Harold Robbins (Harold Rubin)
BiographyNew York City, New York, USA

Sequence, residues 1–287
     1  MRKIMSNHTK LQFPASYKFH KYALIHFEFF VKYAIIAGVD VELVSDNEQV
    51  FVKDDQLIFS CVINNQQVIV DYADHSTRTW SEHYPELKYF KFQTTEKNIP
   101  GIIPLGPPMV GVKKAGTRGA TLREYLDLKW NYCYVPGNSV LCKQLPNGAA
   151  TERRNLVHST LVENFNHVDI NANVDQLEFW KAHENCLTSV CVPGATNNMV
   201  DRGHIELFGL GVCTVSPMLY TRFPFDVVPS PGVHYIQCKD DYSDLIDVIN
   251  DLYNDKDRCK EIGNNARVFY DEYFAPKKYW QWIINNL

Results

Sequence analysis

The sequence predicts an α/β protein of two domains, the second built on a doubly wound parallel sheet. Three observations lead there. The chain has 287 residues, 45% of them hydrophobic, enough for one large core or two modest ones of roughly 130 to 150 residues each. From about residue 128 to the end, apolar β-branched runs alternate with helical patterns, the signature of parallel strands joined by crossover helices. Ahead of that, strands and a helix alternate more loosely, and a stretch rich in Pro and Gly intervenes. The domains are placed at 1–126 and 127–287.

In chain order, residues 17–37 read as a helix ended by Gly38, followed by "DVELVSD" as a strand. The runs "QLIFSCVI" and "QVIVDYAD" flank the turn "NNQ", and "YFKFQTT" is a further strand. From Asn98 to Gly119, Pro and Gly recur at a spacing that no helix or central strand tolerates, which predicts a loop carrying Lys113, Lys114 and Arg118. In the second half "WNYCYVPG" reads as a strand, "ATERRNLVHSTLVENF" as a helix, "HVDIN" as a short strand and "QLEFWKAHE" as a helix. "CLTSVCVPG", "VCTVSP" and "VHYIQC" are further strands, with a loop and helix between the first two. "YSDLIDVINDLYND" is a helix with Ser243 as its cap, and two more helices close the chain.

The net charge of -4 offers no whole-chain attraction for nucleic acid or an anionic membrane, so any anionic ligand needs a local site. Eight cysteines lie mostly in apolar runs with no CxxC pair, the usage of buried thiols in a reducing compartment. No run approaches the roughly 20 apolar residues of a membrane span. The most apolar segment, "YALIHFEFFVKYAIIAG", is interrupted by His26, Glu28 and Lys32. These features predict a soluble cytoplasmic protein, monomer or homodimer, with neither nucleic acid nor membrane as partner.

Harold Robbins summed up his career best in a 1971 ITV documentary: "I'm the world's best writer--there's nothing more to say". This phenomenally successful author--over 750,000,000 copies of his books were sold worldwide, and most were adapted successfully for the screen--started life as a foundling in a Roman Catholic orphanage before being shuttled between foster homes. At fifteen, he left home to begin a series of low-paying jobs, including working as a numbers runner. At twenty, after buying options on farmers' produce, Robbins was a millionaire, but a move into sugar futures wiped him out. Read more... shipping clerk with Universal Pictures warehouse in New York and was soon promoted to executive director for budget and planning. On a bet with a studio executive, Robbins wrote his personal favorite novel, Never Love a Stranger (Knopf, 1948), and other early works which achieved minor critical success. He soon devolved into a writer of more popular novels involving celebrity, sex, and violence, to the scorn of critics. His writings after 1960 reflected his personal life: six marriages, wild Hollywood parties, drug abuse. A stroke in 1982 left him with aphasia, although he continued to write, publishing his last novel, Tycoon, in 1997.